Fractional calculus provides a rigorous mathematical framework to describe anomalous stochastic processes by generalizing the notion of classical differential equations to their fractional-order counterparts. By introducing the fractional orders as uncertain variables, we develop an operator-based uncertainty quantification framework in the context of stochastic fractional partial differential equations (SFPDEs), subject to additive random noise. We characterize different sources of uncertainty and then, propagate their associated randomness to the system response by employing a probabilistic collocation method (PCM). We develop a fast, stable, and convergent Petrov–Galerkin spectral method in the physical domain in order to formulate the forward solver in simulating each realization of random variables in the sampling procedure.
Fractional models construct a tractable mathematical framework to describe and predict the behavior of multiscales multiphysics complex phenomena. Particularly, fractional differential equations, as a well-structured generalization of their integer-order counterparts, provide a rigorous mathematical tool to develop models that describe anomalous behavior in complex physical systems [1–9], where the anomaly manifests itself in heavy tail, sharp peaks, intermittency, and asymmetry in the distribution of corresponding underlying stochastic processes. Significant approximations as inherent part of assumptions upon which the model is built, lack of information about true values of parameters (incomplete data), and random nature of quantities being modeled pervade uncertainty in the corresponding mathematical formulations [10,11]. In this work, we develop an uncertainty quantification (UQ) framework in the context of stochastic fractional partial differential equations (SFPDEs), in which we characterize different sources of uncertainties and further propagate the associated randomness to the system response quantity of interest. The intention of this work is not to introduce new mathematical theories or methods for UQ, but rather to bring forward practical solutions using existing theories in an attempt to overcome the computational challenges of UQ in fractional models.
1.1 Types and Sources of Uncertainty.
The model uncertainties are in general being classified as aleatory and epistemic according to their fundamental essence. It is important to retain the separation between these two sources in order to assess the predictive efficiency of the model [12,13]. Aleatory uncertainty impacts the output of interest due to the natural variation of inputs and parameters; it is irreducible and commonly treated with probability theory. Epistemic uncertainty, however, results from a lack of knowledge about the system of interest and can be reduced by obtaining additional information. The epistemic uncertainties are broadly characterized as (i) model uncertainties, occurring in model inputs, numerical approximation errors, and model form uncertainty; and (ii) data uncertainties due to measurement inaccuracy and sparse or imprecise data. The model uncertainty encompasses all model parameters coming from geometry, constitutive laws, and fields equation, while also pertaining to surrounding interactions, such as boundary conditions and random forcing sources (noise). Numerical approximations, which are an essence of differential equations since they generally do not lend themselves to analytical solutions, introduce uncertainty by imposing different sources of discretization error, iterative convergence error, and round off error. In this work, we only consider the epistemic uncertainty in our fractional model and thus, introduce the fractional derivative orders as a new set of model parameters in addition to model coefficients. We note that the values of these new parameters are strongly tied to the distribution of underlying stochastic process and their statistics are estimated from experimental observations in practice, see, for example, Refs.  and .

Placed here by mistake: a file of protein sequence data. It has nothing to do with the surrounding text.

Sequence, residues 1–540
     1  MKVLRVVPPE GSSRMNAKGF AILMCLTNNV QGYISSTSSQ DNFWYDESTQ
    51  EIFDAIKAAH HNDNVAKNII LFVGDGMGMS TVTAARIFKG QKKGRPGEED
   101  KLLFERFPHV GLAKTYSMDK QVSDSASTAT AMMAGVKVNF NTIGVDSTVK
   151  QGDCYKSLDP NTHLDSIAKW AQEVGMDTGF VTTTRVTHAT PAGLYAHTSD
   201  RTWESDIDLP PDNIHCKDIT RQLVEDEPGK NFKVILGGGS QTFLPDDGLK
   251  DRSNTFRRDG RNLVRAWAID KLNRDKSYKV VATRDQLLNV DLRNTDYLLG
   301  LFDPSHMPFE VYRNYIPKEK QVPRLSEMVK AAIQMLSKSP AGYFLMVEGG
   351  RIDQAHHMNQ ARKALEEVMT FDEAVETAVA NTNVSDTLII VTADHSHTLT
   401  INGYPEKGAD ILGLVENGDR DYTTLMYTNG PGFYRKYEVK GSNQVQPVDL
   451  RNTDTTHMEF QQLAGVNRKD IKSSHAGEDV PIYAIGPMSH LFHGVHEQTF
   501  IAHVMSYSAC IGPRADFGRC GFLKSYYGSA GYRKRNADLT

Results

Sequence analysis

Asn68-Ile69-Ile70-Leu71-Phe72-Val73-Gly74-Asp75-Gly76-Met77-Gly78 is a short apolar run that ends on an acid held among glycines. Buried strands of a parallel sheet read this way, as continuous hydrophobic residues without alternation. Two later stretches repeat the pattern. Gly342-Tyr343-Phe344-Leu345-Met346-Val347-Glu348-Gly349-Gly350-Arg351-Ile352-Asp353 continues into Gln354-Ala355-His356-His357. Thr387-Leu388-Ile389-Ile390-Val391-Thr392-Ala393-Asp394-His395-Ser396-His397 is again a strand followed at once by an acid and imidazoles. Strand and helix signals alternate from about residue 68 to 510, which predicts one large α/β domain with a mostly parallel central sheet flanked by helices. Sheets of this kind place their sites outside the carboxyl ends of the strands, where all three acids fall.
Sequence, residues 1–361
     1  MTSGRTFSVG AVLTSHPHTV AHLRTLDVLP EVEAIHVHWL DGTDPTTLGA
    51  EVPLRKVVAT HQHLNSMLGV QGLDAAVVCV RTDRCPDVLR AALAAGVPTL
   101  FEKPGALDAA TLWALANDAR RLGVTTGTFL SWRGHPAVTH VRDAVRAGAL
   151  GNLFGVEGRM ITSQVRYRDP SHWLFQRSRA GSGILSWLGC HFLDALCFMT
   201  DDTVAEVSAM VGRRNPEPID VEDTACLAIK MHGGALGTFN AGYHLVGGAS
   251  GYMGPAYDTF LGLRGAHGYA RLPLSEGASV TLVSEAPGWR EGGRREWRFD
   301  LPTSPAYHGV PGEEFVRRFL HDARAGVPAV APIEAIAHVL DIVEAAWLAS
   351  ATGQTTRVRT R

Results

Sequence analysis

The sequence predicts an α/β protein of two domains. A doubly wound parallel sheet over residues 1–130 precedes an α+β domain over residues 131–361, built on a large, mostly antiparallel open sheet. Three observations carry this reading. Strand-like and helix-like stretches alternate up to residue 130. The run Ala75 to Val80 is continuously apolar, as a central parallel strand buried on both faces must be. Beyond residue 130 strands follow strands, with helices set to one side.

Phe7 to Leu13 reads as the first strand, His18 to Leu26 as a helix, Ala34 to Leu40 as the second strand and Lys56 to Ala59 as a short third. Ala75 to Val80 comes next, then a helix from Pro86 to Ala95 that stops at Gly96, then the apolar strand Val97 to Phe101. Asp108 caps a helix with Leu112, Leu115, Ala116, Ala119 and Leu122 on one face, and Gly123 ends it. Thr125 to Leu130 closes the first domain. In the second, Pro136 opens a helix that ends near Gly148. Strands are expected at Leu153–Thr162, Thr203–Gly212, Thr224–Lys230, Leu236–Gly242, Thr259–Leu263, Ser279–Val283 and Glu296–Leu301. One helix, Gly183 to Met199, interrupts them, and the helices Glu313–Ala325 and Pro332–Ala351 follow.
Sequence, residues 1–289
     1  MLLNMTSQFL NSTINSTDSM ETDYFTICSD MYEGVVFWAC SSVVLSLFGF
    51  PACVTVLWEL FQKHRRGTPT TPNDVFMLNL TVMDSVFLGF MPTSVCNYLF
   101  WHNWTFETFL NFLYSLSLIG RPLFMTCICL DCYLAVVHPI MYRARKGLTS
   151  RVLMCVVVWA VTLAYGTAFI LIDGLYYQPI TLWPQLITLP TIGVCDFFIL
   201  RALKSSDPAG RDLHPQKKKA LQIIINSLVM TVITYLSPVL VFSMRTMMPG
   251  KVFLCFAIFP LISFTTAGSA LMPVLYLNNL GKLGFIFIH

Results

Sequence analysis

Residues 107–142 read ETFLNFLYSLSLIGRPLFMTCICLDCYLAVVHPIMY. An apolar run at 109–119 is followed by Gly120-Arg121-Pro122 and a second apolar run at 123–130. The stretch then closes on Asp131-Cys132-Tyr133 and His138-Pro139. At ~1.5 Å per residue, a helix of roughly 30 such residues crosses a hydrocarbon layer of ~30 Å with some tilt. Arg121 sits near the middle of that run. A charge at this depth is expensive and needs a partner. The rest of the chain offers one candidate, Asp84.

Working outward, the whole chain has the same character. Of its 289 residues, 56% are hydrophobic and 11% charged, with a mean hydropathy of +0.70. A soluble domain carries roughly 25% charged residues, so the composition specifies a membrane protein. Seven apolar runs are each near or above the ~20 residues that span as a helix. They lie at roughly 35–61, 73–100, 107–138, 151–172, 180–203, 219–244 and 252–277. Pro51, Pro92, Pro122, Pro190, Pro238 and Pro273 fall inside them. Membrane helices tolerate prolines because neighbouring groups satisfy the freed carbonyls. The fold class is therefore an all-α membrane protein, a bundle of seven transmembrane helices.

1.2 Uncertainty Framework.
Conventional approaches in parametric UQ of differential equations are based around Monte Carlo sampling (MCS) , which performs ensemble of forward calculations to map the uncertain input space to the uncertain output space. This method enjoys from being embarrassingly parallelizable and can be implemented quite readily on high-dimensional random spaces. However, the key issue is the slow rate of convergence with N number of realization, which consequently imposes exhaustively so many operations of forward solver and makes the method not practical for expensive simulations. Other methods such as sequential MCS  and multilevel sequential MCS  are also developed and recently used in Ref.  to improve the parametric uncertainty assessment in elliptic nonlocal equations. An alternative to expensive MCS is to build surrogate models. An extensive comparison of two widely used ones, namely, polynomial chaos and Gaussian process, are provided in a recent work . Polynomial chaos, in which the output of the stochastic model is represented as a series expansion of input parameters was initially applied in Ref.  and later extended and used in Refs. [22–26]. It is also generalized and used in constructing stochastic Galerkin methods [27–30] for problems with higher-dimensional random spaces. Other nonsampling numerical methods, including but not limited to the perturbation method [31–34] and moment equation method [35,36] are also developed; however, their applications are restricted to stochastic systems with relatively low-dimensional random space. These so-called “intrusive” approaches typically do not treat the forward solver as a black box, rather require some knowledge and reformulation of the governing equations, and thus, may not be practical in many problems with complex codes.